Any combination of one or more computer-usable or computer-readable media may be utilized. For example, a computer-readable medium may include one or more of a portable computer diskette, a hard disk, a random access memory (RAM) device, a read-only memory (ROM) device, an erasable programmable read-only memory (EPROM or Flash memory) device, a portable compact disc read-only memory (CDROM), an optical storage device, and a magnetic storage device. Computer program code for carrying out operations of the present invention may be written in any combination of one or more programming languages.
Embodiments may also be implemented in cloud computing environments. In this description and the following claims, “cloud computing” may be defined as a model for enabling ubiquitous, convenient, on-demand network access to a shared pool of configurable computing resources (e.g., networks, servers, storage, applications, and services) that can be rapidly provisioned via virtualization and released with minimal management effort or service provider interaction, and then scaled accordingly. A cloud model can be composed of various characteristics (e.g., on-demand self-service, broad network access, resource pooling, rapid elasticity, measured service, etc.), service models (e.g., Software as a Service (“SaaS”), Platform as a Service (“PaaS”), Infrastructure as a Service (“IaaS”), and deployment models (e.g., private cloud, community cloud, public cloud, hybrid cloud, etc.).
The flowchart and block diagrams in the flow diagrams illustrate the architecture, functionality, and operation of possible implementations of systems, methods, and computer program products according to various embodiments of the present invention. In this regard, each block in the flowchart or block diagrams may represent a module, segment, or portion of code, which comprises one or more executable instructions for implementing the specified logical function(s). It will also be noted that each block of the block diagrams and/or flowchart illustrations, and combinations of blocks in the block diagrams and/or flowchart illustrations, may be implemented by special purpose hardware-based systems that perform the specified functions or acts, or combinations of special purpose hardware and computer instructions. These computer program instructions may also be stored in a computer-readable medium that can direct a computer or other programmable data processing apparatus to function in a particular manner, such that the instructions stored in the computer-readable medium produce an article of manufacture including instruction means which implement the function/act specified in the flowchart and/or block diagram block or blocks.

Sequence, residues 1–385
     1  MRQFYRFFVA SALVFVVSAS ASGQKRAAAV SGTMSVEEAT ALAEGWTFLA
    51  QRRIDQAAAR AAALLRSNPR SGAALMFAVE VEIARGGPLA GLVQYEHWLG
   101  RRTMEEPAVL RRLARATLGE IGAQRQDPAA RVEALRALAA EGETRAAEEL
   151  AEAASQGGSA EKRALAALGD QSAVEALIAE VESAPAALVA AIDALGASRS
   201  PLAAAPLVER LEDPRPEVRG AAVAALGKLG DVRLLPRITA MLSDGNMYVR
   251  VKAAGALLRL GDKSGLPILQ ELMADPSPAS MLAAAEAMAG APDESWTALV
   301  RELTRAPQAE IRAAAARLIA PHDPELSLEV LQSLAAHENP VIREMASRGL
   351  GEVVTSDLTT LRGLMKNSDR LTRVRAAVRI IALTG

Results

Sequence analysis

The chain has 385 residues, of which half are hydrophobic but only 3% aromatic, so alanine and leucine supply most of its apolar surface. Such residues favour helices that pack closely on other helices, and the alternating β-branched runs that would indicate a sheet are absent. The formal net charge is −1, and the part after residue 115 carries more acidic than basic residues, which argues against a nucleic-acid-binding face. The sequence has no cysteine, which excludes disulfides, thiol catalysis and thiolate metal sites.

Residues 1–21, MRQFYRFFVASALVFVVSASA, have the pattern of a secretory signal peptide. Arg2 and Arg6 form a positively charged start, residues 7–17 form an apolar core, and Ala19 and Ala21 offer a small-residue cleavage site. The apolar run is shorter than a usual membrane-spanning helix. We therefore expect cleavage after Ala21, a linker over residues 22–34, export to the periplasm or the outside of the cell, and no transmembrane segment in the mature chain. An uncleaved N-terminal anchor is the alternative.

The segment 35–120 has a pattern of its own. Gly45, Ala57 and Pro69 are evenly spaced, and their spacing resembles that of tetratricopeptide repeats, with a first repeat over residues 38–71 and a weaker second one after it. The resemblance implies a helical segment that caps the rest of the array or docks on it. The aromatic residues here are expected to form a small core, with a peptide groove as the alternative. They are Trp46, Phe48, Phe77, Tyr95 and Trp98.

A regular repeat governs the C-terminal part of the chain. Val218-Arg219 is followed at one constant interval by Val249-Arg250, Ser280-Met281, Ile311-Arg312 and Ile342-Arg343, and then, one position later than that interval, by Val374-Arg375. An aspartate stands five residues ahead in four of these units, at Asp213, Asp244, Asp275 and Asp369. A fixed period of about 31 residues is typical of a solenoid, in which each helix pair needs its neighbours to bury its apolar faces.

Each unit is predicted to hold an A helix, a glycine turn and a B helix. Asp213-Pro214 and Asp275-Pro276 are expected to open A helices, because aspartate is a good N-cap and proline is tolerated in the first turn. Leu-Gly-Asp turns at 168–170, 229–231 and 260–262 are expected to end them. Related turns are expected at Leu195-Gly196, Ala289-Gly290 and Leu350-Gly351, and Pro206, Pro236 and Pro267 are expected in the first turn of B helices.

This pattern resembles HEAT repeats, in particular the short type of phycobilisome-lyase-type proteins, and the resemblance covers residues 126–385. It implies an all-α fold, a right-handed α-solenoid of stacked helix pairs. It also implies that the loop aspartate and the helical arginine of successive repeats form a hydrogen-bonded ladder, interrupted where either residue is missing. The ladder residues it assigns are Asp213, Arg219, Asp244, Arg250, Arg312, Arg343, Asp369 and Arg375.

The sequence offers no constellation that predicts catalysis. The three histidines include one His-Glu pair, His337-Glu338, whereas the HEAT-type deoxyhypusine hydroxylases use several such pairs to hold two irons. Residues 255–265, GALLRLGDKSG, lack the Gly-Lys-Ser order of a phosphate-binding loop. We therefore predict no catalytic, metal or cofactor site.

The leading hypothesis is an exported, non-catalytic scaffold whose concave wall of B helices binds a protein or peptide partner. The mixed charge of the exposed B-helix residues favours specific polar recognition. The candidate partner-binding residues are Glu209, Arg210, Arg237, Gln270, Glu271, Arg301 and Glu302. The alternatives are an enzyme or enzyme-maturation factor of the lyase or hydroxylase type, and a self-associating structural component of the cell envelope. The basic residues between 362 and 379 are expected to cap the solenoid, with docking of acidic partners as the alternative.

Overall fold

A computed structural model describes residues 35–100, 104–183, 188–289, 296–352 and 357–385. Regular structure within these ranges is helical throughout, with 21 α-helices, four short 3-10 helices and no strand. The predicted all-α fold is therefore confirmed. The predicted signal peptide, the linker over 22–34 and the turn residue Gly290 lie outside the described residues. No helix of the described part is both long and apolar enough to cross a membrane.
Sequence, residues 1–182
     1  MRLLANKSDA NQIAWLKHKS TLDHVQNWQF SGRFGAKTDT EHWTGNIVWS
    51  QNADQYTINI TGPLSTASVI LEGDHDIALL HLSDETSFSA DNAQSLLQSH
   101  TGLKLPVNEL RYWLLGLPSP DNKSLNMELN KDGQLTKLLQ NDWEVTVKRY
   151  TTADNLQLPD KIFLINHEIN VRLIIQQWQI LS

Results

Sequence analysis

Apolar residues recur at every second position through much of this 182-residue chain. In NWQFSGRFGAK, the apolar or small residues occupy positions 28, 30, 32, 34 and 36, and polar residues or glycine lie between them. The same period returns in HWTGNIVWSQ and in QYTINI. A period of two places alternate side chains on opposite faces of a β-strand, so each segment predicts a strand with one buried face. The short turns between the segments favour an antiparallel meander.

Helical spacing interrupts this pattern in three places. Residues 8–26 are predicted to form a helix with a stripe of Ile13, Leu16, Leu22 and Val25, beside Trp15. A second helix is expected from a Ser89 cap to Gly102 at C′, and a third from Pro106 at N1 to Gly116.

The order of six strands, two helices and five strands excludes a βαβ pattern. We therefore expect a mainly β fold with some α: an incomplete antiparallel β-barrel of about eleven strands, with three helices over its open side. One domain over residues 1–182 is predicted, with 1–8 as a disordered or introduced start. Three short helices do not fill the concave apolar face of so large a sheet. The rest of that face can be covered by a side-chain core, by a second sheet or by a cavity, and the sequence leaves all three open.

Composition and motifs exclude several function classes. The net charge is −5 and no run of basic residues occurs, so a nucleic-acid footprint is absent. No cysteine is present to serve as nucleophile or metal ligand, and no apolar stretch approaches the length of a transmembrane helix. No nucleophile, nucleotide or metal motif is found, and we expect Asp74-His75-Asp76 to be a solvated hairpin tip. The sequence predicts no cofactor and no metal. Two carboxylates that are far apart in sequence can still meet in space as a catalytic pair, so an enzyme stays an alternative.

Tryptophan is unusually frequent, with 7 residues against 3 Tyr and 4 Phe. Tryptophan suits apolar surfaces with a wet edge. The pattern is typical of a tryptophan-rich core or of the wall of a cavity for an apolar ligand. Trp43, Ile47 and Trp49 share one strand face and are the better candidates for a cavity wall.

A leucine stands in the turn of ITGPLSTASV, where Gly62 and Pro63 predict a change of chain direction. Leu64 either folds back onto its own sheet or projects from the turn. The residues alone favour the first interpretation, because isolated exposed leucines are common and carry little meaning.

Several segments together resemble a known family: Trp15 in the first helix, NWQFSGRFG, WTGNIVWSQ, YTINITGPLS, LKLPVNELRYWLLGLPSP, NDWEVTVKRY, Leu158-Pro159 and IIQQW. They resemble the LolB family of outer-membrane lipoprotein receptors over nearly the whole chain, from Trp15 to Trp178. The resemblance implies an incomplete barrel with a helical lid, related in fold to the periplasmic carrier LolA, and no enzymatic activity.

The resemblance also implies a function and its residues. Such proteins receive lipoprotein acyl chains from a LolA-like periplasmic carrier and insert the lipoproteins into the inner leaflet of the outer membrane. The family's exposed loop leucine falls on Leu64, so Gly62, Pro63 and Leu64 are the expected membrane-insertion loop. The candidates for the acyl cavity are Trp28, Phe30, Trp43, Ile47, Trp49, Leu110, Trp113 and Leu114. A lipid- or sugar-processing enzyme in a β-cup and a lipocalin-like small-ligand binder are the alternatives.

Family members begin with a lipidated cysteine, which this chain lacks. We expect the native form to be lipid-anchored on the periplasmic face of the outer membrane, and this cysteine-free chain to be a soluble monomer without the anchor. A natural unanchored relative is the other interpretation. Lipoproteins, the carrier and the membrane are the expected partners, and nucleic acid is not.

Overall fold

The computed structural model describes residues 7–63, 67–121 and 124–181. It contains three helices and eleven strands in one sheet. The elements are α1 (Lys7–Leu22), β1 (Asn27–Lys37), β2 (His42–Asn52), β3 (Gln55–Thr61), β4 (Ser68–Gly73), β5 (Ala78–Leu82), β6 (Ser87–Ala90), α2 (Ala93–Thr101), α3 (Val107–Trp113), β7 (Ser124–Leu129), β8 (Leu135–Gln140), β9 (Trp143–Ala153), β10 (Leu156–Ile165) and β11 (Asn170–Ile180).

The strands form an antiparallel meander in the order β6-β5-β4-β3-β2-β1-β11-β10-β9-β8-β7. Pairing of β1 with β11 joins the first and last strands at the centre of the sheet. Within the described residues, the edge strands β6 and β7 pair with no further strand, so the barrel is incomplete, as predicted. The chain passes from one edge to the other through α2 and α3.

As described above, consumers handwrite their shopping lists when preparing to shop for products. As used herein, the term “product” can refer to groceries, foods, office supplies, clothing wares, general merchandise, or any other fungible goods sold by a retailer. Techniques are disclosed herein that allow a user of a mobile computing device to create a shopping list using a computing device by taking a digital photograph of the handwritten shopping list. The mobile computing device uses the digital photograph to create an electronic shopping list. The electronic shopping list can be stored by the computing device and later accessed while the user is shopping. As used herein, the term “mobile computing device” can refer to any type of mobile computing devices, such as mobile telephones, laptop computers, and tablet computers, or stationary computing devices. Users of mobile computing devices can store the shopping list on the mobile computing device and access the shopping list while shopping.
In accordance with various embodiments of the present disclosure, techniques are described for generating an electronic shopping list based on a digital photograph of an electronic shopping list. In these embodiments, a set of candidate items are determined for a handwritten text portion of the electronic shopping list, and one of the candidate items is selected for inclusion in the electronic shopping list. As used herein, the term “item” can refer to any type of indicator of a product sold by a retailer. An item can refer to a generic product or a specific product. A generic product is a type of product, e.g., eggs, milk, and bread. A specific product is a brand of product, e.g., PEPSI®, TUMS®, POP TARTS®. Furthermore, a specific product can also include a unitary amount, e.g., a 16ct box of POP TARTS®.